Black Power Heals: Angela Davis

The “Black Power Heals” series exploring how our Southern Black freedom fighters from both past and present found peace and joy. You can click here to read more about how Black Southern women incorporated self-care techniques like yoga and meditation into their activism.  Also, take a minute to check out and join the Black Magic Project’s Facebook page where we celebrate and discuss Black culture and community.

Death and danger of fighting racism are woven throughout Angela Davis’ 77 years of life. An academic, abolitionist and activist, Davis’ upbringing in Birmingham, Ala., activated her lifelong fight for racial justice, women’s rights and prison reform.

She grew up in a neighborhood known as “Dynamite Hill,” where the Ku Klux Klan retaliated against the Black families attempting to cross Birmingham’s racial divide by bombing their homes. Davis was also friends with Cynthia Wesley and Carole Robertson who were murdered along with Denise McNair and Addie Mae Collins after the KKK bombed 16th Street Baptist Church in 1963.

Discrimination and political violence followed Davis after she left the South. She was fired from her job at the University of California, Los Angeles because of her affiliation with an all-Black branch of the Communist Party. She eventually got her job back after a legal battle, but left the university in 1970. Soon after, the FBI placed her on its most wanted list when she was accused of kidnapping, murder and criminal conspiracy for her suspected role in  an inmate escape attempt outside a California courthouse and shootout. Davis wasn’t present during the shootout, but the government accused her of purchasing the guns and she was jailed in 1971.

While she was acquitted of the charges in 1972, Davis suffered from migraines during her 18-month imprisonment, according to Dr. Stephanie Y. Evans, professor and director of the Institute for Women’s, Gender and Sexuality Studies at Georgia State University. Evans noted in chapter seven of her book  “Black Women’s Yoga History: Memoirs of Inner Peace” that a doctor suggested meditation to Davis to relieve her pain. This became Davis’ introduction into yoga.

Evans stressed that Davis didn’t embrace yoga as a way to make prison life more tolerable, but to keep Davis from become devoured by the dehumanizing practices of incarceration. After reading Davis’ autobiography, Evans learned that yoga became Davis’ act of resistance as she often practiced yoga when she knew she was being watched.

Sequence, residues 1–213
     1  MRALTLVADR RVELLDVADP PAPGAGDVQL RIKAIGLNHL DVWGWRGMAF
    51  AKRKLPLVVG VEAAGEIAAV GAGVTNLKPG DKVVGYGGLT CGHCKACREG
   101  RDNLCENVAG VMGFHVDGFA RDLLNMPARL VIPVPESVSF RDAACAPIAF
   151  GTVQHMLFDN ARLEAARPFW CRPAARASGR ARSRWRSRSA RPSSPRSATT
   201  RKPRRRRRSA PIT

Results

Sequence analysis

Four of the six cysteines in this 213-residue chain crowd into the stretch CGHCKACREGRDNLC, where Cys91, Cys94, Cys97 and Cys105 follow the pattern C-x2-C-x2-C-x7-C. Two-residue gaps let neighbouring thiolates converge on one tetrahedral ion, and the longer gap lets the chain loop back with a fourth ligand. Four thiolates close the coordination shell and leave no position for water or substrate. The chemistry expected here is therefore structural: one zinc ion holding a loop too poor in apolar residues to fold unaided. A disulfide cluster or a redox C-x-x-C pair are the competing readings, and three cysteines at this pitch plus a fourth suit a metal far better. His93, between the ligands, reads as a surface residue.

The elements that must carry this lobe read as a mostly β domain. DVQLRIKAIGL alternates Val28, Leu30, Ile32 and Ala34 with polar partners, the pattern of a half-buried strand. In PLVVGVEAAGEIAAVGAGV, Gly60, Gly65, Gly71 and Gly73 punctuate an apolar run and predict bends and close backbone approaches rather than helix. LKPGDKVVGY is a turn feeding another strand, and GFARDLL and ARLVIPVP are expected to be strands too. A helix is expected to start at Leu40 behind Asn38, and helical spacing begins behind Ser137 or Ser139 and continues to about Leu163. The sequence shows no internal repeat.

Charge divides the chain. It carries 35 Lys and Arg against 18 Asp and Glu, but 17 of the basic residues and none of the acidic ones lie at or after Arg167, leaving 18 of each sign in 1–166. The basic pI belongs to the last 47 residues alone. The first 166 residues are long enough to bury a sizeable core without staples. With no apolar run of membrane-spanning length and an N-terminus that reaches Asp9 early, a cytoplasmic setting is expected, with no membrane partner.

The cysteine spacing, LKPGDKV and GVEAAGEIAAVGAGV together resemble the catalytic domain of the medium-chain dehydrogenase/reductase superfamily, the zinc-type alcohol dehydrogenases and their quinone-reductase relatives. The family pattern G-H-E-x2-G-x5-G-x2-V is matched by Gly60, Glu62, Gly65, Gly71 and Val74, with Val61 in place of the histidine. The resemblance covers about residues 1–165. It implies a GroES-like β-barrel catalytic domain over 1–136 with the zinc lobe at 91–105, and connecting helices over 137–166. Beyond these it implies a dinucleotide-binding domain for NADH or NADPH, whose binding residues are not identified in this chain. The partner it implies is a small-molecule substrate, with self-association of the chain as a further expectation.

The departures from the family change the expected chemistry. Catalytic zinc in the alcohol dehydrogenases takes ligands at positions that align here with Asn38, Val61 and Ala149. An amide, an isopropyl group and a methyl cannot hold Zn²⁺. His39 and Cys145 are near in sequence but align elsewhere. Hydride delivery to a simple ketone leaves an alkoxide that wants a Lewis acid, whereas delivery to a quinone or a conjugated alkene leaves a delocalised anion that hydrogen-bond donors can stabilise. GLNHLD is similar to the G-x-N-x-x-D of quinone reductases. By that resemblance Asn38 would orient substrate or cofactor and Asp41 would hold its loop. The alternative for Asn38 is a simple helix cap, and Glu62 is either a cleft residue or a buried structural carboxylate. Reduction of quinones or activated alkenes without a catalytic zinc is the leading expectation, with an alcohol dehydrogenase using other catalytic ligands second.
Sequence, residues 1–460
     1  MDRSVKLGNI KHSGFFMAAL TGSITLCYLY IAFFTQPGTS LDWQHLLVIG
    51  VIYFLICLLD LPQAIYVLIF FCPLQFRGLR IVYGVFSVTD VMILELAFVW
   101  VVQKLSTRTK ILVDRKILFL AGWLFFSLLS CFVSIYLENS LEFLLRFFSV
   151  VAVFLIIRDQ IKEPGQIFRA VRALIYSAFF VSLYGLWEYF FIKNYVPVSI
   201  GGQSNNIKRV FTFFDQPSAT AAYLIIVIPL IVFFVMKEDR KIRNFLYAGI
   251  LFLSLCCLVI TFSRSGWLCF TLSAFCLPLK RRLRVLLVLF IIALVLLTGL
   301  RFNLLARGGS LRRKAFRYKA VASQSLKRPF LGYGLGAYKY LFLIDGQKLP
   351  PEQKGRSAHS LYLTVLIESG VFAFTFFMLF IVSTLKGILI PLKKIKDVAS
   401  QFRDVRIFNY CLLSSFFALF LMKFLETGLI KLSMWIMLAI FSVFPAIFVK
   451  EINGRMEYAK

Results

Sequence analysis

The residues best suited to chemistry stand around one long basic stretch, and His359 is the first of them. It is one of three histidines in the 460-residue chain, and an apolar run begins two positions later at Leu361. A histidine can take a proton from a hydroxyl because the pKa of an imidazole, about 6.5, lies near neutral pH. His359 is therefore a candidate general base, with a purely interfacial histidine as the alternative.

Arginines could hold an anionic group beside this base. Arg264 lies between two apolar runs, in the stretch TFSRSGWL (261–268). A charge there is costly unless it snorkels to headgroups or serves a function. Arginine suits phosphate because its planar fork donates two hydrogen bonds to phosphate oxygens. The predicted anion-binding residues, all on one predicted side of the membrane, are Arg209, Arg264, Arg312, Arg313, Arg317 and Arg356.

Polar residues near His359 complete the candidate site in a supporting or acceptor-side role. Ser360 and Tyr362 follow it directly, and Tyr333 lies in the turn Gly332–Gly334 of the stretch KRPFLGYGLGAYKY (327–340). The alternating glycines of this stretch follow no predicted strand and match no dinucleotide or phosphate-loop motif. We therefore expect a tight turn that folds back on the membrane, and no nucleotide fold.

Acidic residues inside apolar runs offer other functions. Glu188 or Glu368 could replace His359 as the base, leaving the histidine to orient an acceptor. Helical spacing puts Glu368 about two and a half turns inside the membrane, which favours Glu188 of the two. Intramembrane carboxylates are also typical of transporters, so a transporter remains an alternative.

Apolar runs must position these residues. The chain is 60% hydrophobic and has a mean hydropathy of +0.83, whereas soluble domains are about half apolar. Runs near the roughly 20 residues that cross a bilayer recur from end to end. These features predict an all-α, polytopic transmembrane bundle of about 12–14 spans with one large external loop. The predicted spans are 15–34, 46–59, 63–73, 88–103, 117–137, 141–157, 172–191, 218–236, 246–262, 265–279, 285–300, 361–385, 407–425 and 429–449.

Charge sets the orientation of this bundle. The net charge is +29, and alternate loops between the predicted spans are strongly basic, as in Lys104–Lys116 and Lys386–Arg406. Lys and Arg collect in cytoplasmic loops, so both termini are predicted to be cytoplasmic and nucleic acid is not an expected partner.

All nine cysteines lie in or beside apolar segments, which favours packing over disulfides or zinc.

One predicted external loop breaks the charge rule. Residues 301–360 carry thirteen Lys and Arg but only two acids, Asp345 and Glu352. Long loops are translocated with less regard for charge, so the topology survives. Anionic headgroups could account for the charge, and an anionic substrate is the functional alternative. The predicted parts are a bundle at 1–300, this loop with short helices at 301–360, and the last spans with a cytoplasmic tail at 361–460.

“(Davis) notes that, though the guards attempted to control every aspect of her day, yoga was the one activity that she could do anywhere, usurping the prison’s attempt to deny her control of productive or sustaining activities, like eating, sleeping, or writing, which she was forced to do in separate spaces,” Evans wrote.

After Davis’ release, Evans said that Davis started to share her wellness story, which she used to educate others on how to build sustainable social justice movements. Davis’ 1987 Bennett College speech titled “Sick and Tired of Being Sick and Tired: The Politics of Black Women’s Health” stressed how poverty and politics played a role in health disparities, such as heart disease, diabetes and cancer. Evans notes that during this speech, Davis names physical, mental and spiritual health and social, economic and political emancipation as the six fundamentals of Black women’s experience.

The relationship between one’s mind, body and spirit is also important in yoga as well, meaning that self-care is also an act of radical self-liberation for Black women due to their social and political placement in the world where they face health disparities due to stress as well as political and racial violence – which Davis experienced throughout her life.

Evans writes Black women don’t have to become martyrs of their own liberation.

“The struggle for human rights is a marathon, not a sprint,” Evans wrote. “Self-care and inner peace are imperative if the fight for justice and global peace is to be sustainable. Fortunately, there are several models, paradigms, and examples of how Black women are able to do good and be well.”

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